The crew of geologists, biologists and marine archeologists was hoping to find clues of human activity in the area during the last Ice Age, when they believe the Texas coastline extended 100 miles into the Gulf of Mexico.
The expedition did not turn up anything definitive, but the scientists did find what they believe to be signs of the ancient shoreline about 330 feet below the ocean’s surface.
“A series of long vertical steps look like they may have been created by the movement of waves, which carve out a trough and deposit material farther up,” wrote team member Todd Viola, who posted mission logs daily on the expedition’s Web site. “This is the same profile we see on modern beaches.”
Viola described the find as very exciting but noted further exploration would be necessary to verify the scientists’ theory.
Last week’s expedition, dubbed “Secrets of the Gulf,” was headed by Robert Ballard, the oceanographer and explorer best known for his discovery of the Titanic in 1985.
The team traveled from Galveston to the Flower Garden Banks, the northernmost coral reef on the United States continental shelf, aboard the SSV Carolyn Chouest with the U.S. Navy’s nuclear-powered research submarine in tow. It was the first expedition Ballard led from shore.
Using a shipboard television studio and satellite technology, the team transmitted live video feed to groups of scientists all over the country. They also produced five live informational broadcasts each day.
According to the mission logs, the short expedition was plagued by bad weather and technical difficulties that limited use of Ballard’s underwater research capsule, Argus. When it finally entered the water, the remotely operated vehicle transmitted high-definition pictures of the ancient shoreline on the last day of the trip.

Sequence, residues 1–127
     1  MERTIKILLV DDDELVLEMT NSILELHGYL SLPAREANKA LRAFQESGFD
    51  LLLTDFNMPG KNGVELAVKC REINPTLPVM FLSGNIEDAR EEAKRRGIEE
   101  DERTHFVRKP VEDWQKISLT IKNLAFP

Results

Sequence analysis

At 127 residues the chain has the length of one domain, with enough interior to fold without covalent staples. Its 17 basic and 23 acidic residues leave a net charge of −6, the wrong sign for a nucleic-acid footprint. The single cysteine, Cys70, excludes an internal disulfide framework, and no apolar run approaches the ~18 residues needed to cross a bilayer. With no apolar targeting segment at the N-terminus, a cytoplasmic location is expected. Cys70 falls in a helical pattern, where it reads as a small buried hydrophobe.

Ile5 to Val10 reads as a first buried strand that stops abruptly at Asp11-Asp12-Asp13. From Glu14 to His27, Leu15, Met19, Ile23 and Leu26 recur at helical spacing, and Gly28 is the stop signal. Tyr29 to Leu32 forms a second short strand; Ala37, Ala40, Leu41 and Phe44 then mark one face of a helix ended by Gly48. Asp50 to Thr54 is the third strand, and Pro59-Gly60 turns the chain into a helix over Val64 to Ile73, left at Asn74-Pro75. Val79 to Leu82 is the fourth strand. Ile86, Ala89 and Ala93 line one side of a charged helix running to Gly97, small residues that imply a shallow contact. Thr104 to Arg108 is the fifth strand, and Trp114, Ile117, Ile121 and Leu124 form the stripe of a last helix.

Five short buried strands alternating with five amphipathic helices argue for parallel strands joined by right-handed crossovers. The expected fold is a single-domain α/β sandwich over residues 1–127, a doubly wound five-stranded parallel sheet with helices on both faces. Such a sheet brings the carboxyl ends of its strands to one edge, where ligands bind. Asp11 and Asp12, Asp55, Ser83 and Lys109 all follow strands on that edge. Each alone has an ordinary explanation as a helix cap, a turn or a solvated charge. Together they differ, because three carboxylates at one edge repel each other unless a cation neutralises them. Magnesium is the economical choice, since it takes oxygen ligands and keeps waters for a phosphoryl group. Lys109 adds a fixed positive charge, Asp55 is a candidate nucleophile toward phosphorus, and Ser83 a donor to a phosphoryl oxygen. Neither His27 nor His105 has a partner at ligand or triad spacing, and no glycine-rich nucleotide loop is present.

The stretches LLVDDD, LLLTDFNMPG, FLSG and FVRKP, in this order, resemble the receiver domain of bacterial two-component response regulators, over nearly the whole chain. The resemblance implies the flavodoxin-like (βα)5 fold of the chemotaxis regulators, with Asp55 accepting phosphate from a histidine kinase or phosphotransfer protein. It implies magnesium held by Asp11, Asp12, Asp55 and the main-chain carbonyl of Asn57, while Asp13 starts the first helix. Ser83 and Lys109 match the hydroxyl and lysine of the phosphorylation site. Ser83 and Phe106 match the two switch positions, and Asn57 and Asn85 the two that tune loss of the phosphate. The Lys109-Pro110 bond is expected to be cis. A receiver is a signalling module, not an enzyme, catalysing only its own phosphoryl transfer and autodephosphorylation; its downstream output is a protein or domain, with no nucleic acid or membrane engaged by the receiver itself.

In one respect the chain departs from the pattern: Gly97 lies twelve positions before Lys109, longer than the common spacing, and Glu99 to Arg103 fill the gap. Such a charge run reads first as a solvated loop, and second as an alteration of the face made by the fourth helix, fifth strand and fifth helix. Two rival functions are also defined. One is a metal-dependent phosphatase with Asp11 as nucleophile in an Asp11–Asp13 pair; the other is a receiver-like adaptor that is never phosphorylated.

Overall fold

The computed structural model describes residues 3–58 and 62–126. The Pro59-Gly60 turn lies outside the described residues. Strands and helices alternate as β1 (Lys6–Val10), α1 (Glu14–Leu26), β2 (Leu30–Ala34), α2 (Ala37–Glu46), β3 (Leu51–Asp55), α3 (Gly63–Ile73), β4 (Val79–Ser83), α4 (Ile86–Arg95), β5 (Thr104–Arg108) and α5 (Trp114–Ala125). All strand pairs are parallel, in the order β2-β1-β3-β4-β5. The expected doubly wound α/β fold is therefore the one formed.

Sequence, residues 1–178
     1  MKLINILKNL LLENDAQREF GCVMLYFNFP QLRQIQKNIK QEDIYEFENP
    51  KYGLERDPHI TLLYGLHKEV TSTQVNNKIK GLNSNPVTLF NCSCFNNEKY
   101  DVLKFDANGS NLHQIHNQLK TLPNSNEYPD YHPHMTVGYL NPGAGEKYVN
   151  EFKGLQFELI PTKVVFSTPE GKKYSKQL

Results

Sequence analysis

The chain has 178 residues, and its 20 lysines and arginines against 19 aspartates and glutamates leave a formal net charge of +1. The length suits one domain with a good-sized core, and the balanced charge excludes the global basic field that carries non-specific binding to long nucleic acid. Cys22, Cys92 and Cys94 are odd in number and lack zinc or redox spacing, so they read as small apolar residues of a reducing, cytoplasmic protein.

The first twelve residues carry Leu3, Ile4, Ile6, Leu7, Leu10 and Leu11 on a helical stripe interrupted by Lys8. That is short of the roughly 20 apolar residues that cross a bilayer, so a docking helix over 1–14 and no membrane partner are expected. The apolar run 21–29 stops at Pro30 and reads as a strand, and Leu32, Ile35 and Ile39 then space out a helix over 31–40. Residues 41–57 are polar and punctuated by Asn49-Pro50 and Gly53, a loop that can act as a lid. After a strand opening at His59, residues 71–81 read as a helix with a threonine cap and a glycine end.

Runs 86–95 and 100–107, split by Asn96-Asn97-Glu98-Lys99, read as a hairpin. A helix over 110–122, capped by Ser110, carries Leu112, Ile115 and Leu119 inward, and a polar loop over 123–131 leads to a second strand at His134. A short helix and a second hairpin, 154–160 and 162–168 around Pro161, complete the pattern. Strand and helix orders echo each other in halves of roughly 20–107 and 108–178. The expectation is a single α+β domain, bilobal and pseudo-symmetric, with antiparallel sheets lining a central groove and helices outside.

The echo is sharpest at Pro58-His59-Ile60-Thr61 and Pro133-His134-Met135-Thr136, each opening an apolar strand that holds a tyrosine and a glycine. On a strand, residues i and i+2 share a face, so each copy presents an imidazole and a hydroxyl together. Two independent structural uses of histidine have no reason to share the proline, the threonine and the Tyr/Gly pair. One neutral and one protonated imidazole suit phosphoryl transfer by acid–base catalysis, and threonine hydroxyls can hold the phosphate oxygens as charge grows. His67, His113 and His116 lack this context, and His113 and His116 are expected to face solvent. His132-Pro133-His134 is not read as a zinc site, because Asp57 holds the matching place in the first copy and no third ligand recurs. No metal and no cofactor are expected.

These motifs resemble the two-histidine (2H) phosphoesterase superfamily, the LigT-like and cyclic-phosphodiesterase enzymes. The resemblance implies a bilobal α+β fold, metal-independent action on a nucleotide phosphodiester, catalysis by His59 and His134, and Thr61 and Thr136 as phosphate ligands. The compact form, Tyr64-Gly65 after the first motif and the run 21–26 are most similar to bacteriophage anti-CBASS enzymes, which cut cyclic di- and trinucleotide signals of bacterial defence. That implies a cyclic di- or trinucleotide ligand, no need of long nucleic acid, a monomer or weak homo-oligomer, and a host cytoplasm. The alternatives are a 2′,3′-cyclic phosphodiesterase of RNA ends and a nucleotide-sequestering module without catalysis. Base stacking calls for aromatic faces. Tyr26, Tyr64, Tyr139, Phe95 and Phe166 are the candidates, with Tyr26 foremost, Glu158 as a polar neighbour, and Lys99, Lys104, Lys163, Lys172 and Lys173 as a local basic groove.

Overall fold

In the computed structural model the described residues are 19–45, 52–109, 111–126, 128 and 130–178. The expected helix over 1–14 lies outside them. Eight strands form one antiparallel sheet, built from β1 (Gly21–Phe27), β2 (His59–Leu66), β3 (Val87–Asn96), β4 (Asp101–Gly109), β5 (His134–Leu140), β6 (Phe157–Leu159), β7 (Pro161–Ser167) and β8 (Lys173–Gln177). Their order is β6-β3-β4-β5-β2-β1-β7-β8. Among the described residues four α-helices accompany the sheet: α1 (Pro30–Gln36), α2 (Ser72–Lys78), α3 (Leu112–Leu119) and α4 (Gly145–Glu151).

While Argus was out of commission earlier in the week, the team relied on images from the submarine. Two scientists at a time stretched out in the bottom of the 145-foot vessel and peered out of view ports to observe the ocean floor.
The submarine’s unique construction — with wheels for driving along the seabed — allowed the scientists to scrutinize the reef from a depth of 40 feet.
The discovery of an active mud volcano created quite a stir, wrote submarine captain Rick Panlilio in a March 6 log entry.
“We imaged it first with our side scanning sonar and found a large crater about 50 yards across on the summit,” he wrote. “The summit was about 160 feet up from the surrounding plane. On the sonar images, we could see a wisp of something trailing off the top of the mound.
“We thrusted the submarine down on top of the hill and crept toward the center and, ‘Eureka!’ we found that the dormant volcano was highly active, with a constant jet of gas, brine and silt being ejected from a briny mud pool inside the crater. The rocky structure inside the crater was jagged and run through with small canyons where dense brine seeped out.”
The submarine and its crew sailed back to Galveston on Saturday. The scientists returned to their labs, but the Navy crew will remain in port until they leave for their next expedition Thursday.
During their layover, Lt. James Krohne said the sailors would be taking a trip to the Johnson Space Center to compare notes with the astronauts.